More than 1.5 million people in the United States are addicted to meth.
You may have seen ad campaigns spreading awareness for drug abuse. Many of these ads warn people not to try methamphetamine, “not even once.” The damaging effects of meth are never worth the temporary high.
But what makes meth more addictive than some other drugs? Why is a meth addiction so hard to shake?
Keep reading to learn about the biological effects of meth.
How Meth Affects the Body
Our brains host a multitude of neurotransmitter receptors. When you experience something pleasurable, like a bite of chocolate or your favorite song, your receptors pick up dopamine. Dopamine tells your body, “Hey, that feels good! Let’s do that again!”
All drugs rely on dopamine to make a user feel high. Dopamine is a neurotransmitter or a chemical message between the brain and body. Meth, like any drug, tells the body to release a flood of dopamine.
Of course, meth addiction is fueled by more than an individual’s desire to get high. Addiction is a biological repercussion of drug use, not just a conscious desire.
Why People Become Addicted to Meth
Many people know the signs of long-term meth substance abuse, including psychosis, weight loss, skin wounds, and oral health issues. It can be hard for non-addicts to understand why addicted people continue to subject themselves to such physical damage.
The first time a person uses meth, they receive an extremely euphoric high sensation. The experience is so pleasurable and intense that a user’s first high is coded into their brain’s memory forever. This is why you should never try meth – not even once.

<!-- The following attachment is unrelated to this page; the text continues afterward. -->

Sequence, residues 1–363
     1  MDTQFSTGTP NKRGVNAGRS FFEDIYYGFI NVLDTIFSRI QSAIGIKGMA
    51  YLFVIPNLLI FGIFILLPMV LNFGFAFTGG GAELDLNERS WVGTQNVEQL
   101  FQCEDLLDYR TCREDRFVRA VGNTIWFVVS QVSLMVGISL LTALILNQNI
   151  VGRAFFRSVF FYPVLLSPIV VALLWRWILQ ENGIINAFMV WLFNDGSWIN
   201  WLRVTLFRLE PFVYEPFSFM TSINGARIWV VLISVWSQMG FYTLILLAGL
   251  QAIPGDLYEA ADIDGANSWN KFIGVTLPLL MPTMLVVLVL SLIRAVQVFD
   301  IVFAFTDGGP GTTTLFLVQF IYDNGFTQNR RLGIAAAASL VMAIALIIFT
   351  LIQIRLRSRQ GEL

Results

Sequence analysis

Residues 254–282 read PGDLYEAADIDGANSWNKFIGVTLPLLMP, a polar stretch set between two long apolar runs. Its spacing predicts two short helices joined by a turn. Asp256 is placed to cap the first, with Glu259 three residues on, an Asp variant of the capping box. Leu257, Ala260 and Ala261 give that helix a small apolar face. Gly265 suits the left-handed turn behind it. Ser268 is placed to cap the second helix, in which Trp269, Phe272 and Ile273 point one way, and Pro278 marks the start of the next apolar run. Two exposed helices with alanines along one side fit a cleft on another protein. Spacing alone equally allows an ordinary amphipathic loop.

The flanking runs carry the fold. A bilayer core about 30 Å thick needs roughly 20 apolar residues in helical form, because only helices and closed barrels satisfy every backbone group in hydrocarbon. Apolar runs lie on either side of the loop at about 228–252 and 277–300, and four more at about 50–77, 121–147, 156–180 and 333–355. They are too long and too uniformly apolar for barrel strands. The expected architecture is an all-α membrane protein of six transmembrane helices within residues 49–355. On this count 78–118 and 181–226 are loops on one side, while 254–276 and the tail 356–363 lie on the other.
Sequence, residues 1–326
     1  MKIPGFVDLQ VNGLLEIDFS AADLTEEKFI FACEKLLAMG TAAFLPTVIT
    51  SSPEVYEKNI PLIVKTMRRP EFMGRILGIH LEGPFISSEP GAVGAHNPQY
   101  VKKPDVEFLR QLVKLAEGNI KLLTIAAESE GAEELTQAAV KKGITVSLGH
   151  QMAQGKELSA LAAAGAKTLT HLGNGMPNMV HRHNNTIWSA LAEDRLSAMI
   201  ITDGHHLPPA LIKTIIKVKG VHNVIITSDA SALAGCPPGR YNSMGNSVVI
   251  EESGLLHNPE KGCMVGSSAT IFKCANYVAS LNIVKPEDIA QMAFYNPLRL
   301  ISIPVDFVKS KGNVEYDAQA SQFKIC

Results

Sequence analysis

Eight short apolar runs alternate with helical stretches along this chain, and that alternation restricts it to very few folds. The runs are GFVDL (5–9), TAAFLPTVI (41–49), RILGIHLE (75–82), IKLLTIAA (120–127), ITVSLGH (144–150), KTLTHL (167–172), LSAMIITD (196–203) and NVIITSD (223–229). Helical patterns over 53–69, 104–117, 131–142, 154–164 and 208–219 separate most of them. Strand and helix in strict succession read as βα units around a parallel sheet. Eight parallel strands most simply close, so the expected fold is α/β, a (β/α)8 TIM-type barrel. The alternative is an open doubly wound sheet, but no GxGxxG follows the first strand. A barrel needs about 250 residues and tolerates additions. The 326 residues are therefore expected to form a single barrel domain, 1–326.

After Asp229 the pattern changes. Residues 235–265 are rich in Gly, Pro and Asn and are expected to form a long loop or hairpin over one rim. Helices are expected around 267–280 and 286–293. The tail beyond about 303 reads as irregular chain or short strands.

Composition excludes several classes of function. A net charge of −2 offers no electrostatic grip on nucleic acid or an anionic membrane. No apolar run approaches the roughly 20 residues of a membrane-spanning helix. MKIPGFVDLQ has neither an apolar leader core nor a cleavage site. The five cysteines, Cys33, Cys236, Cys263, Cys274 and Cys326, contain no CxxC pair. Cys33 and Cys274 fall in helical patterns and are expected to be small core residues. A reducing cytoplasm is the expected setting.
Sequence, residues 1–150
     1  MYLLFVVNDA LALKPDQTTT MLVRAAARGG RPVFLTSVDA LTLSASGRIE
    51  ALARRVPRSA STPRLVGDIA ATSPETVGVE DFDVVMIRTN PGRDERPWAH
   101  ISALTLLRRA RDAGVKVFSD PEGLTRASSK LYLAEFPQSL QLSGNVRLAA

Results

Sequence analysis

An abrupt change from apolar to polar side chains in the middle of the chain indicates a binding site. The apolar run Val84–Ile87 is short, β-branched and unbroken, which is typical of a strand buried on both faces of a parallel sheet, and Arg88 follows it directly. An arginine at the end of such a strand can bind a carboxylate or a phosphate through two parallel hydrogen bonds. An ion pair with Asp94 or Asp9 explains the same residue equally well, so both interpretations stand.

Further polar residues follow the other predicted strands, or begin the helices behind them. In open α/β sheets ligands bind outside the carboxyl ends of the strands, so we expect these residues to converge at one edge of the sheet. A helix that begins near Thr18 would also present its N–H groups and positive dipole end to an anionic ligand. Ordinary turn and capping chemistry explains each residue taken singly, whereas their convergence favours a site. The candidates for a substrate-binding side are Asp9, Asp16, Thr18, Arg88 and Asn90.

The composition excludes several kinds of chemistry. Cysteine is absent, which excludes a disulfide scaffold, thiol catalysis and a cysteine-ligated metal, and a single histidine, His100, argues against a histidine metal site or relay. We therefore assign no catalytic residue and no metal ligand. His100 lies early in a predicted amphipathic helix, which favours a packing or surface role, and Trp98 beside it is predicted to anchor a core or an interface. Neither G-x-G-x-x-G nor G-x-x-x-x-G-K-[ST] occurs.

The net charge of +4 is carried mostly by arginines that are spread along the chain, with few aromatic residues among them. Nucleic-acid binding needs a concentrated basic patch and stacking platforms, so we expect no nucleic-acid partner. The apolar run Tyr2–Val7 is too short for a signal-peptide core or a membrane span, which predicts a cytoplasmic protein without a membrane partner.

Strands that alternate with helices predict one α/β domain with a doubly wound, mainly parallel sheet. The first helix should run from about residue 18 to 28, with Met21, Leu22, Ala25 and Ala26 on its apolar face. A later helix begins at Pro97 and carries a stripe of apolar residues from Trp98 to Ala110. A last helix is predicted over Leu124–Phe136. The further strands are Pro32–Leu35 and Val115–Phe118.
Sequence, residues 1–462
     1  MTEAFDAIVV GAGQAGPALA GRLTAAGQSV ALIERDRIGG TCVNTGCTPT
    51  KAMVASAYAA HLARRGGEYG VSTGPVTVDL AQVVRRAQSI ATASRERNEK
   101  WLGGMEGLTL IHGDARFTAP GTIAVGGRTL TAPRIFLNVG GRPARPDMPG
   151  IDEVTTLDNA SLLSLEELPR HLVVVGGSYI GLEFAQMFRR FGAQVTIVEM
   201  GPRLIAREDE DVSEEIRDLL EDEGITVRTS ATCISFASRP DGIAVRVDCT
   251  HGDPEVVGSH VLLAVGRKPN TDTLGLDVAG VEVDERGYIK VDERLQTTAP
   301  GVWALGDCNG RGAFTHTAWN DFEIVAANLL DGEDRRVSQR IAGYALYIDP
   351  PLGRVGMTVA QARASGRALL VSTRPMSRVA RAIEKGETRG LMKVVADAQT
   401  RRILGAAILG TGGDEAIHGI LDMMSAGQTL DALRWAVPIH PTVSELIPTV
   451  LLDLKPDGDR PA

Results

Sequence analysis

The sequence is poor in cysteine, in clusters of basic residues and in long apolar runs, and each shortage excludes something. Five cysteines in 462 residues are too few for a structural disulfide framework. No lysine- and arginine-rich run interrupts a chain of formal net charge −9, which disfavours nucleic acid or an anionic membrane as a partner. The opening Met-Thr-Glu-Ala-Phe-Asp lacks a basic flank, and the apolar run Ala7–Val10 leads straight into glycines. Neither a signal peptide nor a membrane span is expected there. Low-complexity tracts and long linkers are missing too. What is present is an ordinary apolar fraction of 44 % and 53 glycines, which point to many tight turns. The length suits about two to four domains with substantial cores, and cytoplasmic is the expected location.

After their first hit, the user will spend the rest of their addiction seeking an equivalent high, but nothing will come close. Subsequent uses of crystal meth will feel weaker and weaker to the addicted person until they become dependent on meth to even feel “normal.”
At this point, natural dopamine has been completely omitted from their body. The addicted person can no longer feel pleasure from ordinary activities, like eating chocolate. Their life begins to feel dull, empty, and gray, and the only way for them to feel a little better is to use meth again.
Shaking a Meth Addiction
People with substance abuse disorder are always seeking a new, more intense feeling, and there are few drugs more intense than crystal meth. Other “less dangerous” drugs will not be enough to satisfy the addicted person’s cravings.
At the same time, withdrawing from meth abuse has severe consequences. These withdrawal symptoms include:
- Increased appetite
- Increased cravings
- Mood swings
- Suicidal thoughts
Withdrawal symptoms of meth are so severe that they often drive a person to use meth again. If an addicted person fails to heal from their addiction, they are at increasingly high risk of overdose and death.
This is why people with substance abuse disorder need to have strong support networks in place. Addicts must get help for meth addiction to avoid serious consequences.
Finding Light in the Darkness
If you or a loved one is addicted to meth, know there is hope for a brighter future! Rehabilitation centers and cognitive-behavioral therapy have saved the lives of many people.
Don’t wait until addiction consumes your whole life; contact a rehabilitation center as soon as possible. Your life is worth it.
Did you find this article helpful? Are you interested in learning more ways to take control of your health? Check out the other articles in our health and beauty category!